It’s not often I request a room with twin beds nowadays:
- I’m usually traveling alone, in which case I prefer a king bed (there was a brief time where I preferred having a room with two beds, but y’all ruined that for me pretty quickly)
- Generally speaking you have better chances of an upgrade when booking a room with one bed, since that’s the configuration of most suites/premium rooms
That being said, I’m presently on an extended trip with my friend Matt, which has taught me a lot about European hotels and how they seem to approach twin beds.
Generally speaking, when I think of a room with two beds, I picture a setup similar to what we had at the Sheraton Stockholm:
Regardless of the size of the beds, it’s nice to have a bit of separation between them, ideally in the form of a nightstand. That setup just makes sense to me.
Next we checked into the Grand Hyatt Berlin. I had booked a room with two beds, and at check-in we were asked whether we preferred a room with one bed or two beds. We expressed a preference for the latter.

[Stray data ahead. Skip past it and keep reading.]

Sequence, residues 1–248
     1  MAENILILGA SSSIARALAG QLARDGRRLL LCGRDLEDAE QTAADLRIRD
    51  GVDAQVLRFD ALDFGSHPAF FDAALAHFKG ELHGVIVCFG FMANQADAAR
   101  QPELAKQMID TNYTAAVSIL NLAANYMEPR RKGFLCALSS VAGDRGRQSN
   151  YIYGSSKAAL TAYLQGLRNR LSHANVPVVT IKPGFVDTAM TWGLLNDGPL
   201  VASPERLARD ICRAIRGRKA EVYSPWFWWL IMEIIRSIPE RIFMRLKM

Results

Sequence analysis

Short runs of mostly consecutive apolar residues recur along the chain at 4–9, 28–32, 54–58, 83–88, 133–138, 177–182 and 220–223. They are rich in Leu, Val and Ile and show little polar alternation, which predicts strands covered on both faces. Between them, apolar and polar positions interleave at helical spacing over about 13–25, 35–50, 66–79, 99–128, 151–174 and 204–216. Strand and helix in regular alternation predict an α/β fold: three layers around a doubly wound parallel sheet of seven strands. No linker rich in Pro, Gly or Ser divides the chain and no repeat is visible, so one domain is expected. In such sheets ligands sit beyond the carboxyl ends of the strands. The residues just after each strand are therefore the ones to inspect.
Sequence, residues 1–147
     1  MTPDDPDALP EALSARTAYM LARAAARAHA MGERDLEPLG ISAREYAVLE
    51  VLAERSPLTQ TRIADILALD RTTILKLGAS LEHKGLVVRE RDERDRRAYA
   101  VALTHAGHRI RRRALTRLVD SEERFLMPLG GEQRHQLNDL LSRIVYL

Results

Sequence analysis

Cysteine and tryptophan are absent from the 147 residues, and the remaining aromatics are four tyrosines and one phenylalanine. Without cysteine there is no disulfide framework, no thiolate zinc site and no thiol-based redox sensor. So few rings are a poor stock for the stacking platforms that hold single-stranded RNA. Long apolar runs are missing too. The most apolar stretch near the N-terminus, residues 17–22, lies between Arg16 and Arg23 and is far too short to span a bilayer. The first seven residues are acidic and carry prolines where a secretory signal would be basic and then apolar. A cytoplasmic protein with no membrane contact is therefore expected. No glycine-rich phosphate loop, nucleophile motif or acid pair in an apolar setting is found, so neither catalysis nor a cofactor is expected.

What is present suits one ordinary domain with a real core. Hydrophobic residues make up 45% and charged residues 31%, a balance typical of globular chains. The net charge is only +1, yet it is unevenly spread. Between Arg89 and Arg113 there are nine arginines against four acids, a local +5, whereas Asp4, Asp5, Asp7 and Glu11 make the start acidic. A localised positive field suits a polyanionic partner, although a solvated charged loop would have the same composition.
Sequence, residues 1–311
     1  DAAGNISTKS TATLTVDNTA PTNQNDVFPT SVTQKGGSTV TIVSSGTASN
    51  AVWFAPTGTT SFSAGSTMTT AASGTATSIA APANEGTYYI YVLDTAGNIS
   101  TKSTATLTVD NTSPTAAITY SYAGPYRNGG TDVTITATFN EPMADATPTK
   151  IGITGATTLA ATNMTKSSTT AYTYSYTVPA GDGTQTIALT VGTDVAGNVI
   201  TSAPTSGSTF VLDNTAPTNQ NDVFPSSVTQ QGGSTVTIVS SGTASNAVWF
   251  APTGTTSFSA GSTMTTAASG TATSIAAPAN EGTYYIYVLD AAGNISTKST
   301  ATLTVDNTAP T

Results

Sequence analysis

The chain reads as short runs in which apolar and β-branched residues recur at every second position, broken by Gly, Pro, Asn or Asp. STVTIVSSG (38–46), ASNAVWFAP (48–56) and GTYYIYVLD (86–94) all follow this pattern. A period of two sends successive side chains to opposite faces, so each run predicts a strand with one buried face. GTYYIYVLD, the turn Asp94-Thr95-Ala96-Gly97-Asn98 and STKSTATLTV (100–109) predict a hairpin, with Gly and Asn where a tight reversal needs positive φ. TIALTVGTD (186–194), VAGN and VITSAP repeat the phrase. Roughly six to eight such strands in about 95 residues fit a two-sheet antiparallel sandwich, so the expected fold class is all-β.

We went up to our room, and found the following bed:
I know sometimes Europeans get creative with this stuff, so Matt lifted up the sheets, where we saw that while there seem to be two bed frames, there was only one mattress and one blanket.
We reported this to a front office associate, who was perplexed, as it was supposed to be a room with two beds. She called someone to see if the bed could be turned into two beds. Apparently it couldn’t be.
So we were assigned a “true” Club Twin room, which looked like this:
Admittedly that’s more separation than the previous room (though you still can’t fit an apple between the beds), though the two beds still share a head board.
Matt wasn’t impressed when he inspected the separation (though I believe he added about two inches to that measurement, as one might expect).
So of course this is totally minor, though I find it interesting nonetheless. Wouldn’t it make more sense to put a night stand between the beds, rather than have night stands on each side of the pushed together beds?
And I can’t figure out why so many hotels in Europe do this:
- Does anyone who books a room with two beds prefer for them to be like an inch apart?
- Or is this simply done so that the room can pretty easily be converted into a king bed room, given that the two beds share a head board?
Regardless, color me puzzled!